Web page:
Tag Archive | "religious liberty"

Man mourns the death of his family

Hudson Institute’s Persecution Report Sheds Light on International Religious Persecution

Man mourns the death of his family

A Shi’a man mourns the loss of family after a religiously motivated attack on a Pakistani marketplace leaves over 80 dead.

On April 13, 2013, members of the Islamic extremist group Al Shabaab shot 42-year-old Fartun Omar to death in Buulodbarbe, Somalia, less than a year after Omar’s husband was killed for converting to Christianity.  On April 8, 2013 a Russian prosecutor indicted sixteen Jehovah’s Witnesses.  Their crime: attempting to reorganize the local community of their religion after a court-ordered ban four years ago prompted the dissolution of Jehovah’s Witnesses.  On February 19, 2013, more than 80 people died after a bomb exploded in a market in Quetta, Pakistan frequented by Shi’a Muslims who are often targeted by Sunni extremists.

On three continents, members of three different faiths were targets of violence and discrimination because of their beliefs.  Tragically, while each story is unique, they are not unfamiliar.

According to a new study by The Pew Forum on Religion and Public Life, approximately 75 percent of the world’s population live in countries with high government restrictions on religion or high social hostilities involving religion or both.  Government restrictions include laws, policies, and actions that restrict religion while social hostilities measures religious hostility by private individuals and groups.  Despite the overwhelming occurrence of religiously motivated violence and state sponsored suppression, religion accounted for only .7 percent of all U.S. mainstream media coverage.  Even more troubling, only a small fracture of that percentage focused on international issues, such as international religious freedom.

In an attempt to reconcile the disparity between the number of individuals who suffer because of their religion and the dearth of media coverage regarding religious persecution, the Hudson Institute’s Center for Religious Freedom has created the Persecution Report, a daily aggregator of news stories pertaining to violations of religious freedom.  Religious suffering occurs in the shadows of the American public consciousness, but literally penetrates into the depths of victims’ souls.  The Persecution Report seeks to be a light unto the dark world of religious persecution, not only to inform people of its occurrence, but to give hope to the persecuted that they will not suffer in silence.

Bryan Neihart worked with the Hudson Institute and is currently a second year law student at the University of Denver Sturm College of Law, a master’s candidate at the Korbel School of International Studies, and is DJILP’s incoming Survey Editor.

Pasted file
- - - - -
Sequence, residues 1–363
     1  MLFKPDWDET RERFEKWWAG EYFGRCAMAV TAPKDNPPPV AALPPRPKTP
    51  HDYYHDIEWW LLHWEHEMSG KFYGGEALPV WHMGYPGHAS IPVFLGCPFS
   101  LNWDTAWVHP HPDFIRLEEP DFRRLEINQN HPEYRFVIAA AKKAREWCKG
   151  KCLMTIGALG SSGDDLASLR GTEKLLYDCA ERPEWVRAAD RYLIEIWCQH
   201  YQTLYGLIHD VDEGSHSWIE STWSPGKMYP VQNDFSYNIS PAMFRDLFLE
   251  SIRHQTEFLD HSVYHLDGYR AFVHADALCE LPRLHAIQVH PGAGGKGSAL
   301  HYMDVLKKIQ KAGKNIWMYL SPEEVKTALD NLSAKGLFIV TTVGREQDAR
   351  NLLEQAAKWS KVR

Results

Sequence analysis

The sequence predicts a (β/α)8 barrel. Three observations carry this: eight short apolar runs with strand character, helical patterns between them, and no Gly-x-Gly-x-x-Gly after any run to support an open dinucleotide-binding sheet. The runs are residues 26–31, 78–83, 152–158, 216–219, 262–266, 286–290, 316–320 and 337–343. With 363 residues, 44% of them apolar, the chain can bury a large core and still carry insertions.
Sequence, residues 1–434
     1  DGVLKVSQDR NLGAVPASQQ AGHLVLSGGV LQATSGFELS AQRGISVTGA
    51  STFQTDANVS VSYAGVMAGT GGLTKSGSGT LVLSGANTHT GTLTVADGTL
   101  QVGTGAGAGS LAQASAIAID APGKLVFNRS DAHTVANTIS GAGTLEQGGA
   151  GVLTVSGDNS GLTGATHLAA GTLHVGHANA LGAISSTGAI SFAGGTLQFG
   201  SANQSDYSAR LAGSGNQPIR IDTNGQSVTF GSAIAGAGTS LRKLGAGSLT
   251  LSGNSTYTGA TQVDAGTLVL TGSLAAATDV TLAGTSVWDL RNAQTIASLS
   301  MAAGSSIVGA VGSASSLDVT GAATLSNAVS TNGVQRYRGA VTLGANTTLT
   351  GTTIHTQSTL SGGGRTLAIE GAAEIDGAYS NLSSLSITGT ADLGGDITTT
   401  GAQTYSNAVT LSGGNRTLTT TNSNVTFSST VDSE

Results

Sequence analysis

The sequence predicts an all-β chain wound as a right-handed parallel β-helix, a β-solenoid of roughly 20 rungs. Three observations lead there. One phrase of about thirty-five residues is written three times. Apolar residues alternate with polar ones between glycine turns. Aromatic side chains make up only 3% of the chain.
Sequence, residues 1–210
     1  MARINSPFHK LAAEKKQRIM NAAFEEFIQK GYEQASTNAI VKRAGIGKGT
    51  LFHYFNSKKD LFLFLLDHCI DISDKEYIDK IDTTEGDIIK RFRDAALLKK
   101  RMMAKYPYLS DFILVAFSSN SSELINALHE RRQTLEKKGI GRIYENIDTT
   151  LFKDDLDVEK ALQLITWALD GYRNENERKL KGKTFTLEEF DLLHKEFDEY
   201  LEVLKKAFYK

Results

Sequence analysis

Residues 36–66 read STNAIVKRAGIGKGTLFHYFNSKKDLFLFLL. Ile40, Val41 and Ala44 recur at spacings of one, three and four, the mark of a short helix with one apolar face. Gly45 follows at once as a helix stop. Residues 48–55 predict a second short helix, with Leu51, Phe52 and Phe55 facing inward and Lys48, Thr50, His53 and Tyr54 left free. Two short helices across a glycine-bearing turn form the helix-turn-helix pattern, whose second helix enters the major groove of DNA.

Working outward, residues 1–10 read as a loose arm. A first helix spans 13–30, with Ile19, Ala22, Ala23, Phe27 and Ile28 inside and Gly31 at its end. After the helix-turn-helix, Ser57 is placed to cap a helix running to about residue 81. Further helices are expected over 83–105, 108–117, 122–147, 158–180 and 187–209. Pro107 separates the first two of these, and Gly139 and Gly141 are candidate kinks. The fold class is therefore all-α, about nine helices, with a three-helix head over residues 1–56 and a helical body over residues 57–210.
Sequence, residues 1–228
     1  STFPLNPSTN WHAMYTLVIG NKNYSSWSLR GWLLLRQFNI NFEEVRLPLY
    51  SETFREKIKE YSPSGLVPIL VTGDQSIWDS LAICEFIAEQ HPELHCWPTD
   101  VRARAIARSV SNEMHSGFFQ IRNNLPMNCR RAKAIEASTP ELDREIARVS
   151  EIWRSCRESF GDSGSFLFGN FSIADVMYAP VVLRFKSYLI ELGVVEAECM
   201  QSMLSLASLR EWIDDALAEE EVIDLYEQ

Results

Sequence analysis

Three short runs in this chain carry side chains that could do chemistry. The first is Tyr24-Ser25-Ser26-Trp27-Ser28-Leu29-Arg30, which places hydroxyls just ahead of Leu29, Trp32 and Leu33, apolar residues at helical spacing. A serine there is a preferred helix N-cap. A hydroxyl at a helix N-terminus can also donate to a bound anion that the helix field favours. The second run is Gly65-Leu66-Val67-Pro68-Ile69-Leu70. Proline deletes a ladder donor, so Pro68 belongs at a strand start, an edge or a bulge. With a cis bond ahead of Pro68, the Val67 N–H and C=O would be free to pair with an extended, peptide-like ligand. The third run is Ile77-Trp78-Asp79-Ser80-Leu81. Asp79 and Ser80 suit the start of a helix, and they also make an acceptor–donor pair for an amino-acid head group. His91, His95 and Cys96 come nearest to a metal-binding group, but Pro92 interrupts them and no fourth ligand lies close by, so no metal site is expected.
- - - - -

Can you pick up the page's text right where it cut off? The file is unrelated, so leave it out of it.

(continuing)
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The Dalai Lama

News Post: US Senate Reacts to Tibetan Self-Immolations

A twenty year-old Tibetan Monk, Lobsang Sherab, self-immolated on Wednesday, March 28 in the Changsha Township of Ngaba in Eastern Tibet.  He was consumed by the flames, and his body was taken away by Chinese paramilitary troops, despite pleas by fellow Tibetans to send the body to his family.  Sherab was ordained as a monk at the age of nine, and joined Ngaba’s Kirti Monastery’s dialectic college in October of 2011.

Sherab’s self-immolation is the most recent in an upswing of self-immolations by Tibetan monks and nuns, mainly occurring in the Ngaba region.  The Chinese Government began reacting to this trend in March of 2011, after a young Kirti monk named Phuntsog self-immolated, causing a show of solidarity by the other monks at the monastery.  In April of 2011, Chinese soldiers seized over 300 protesting monks from the Kirti Monastery, who have all disappeared since the seizure.  Beijing claims that these monks are undergoing “legal education” at undisclosed locations.

The nuns and monks are reacting to Beijing’s crackdowns on protests seeking freedom for Tibet, and the return of the Dalai Lama.

All this occurs as the Chinese Premier, Hu Jintao, attends the BRICS Summit in New Delhi, India, this week.  As leaders from Brazil, Russia, China, India, and South Africa gathered to discuss emerging issues for their nations, a Tibetan man self-immolated in New Delhi, and scores of Tibetan women took to the streets outside the Summit in the hope of bringing attention to the fate of Tibet.  By day two of the Summit, 162 individuals were detained in conjunction with the protest. Quite unusually, 100 of these detainees were women.

The Dalai Lama

The US Senate passed a resolution on Tuesday, mourning Tibetans who have self-immolated and died during recent anti-China protests, and urging Secretary Clinton to hold Beijing accountable for its crackdown on religious freedom in Tibet.  The resolution is not legally binding, but it sends a strong message to China that the US will continue to stand behind the legitimate rights of people of all nationalities to practice their religion freely.

The Chinese Foreign Ministry expressed firm opposition to the resolution immediately after it passed, and refuted all claims that the Chinese Government does not believe in freedom of religion.  He also urged the US Senate to refrain from interfering in China’s internal affairs.

The US could never attempt to enforce its religious values in China due to the prevailing international legal norm of sovereignty.  Failing the existence of a permissive rule to the contrary, international law does not allow a state to enforce its norms and values in any form in the territory of another state.  A state’s title to exercise jurisdiction rests in its sovereignty.  The issue may only be resolved by the Chinese Government.

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University of Denver Sturm College of Law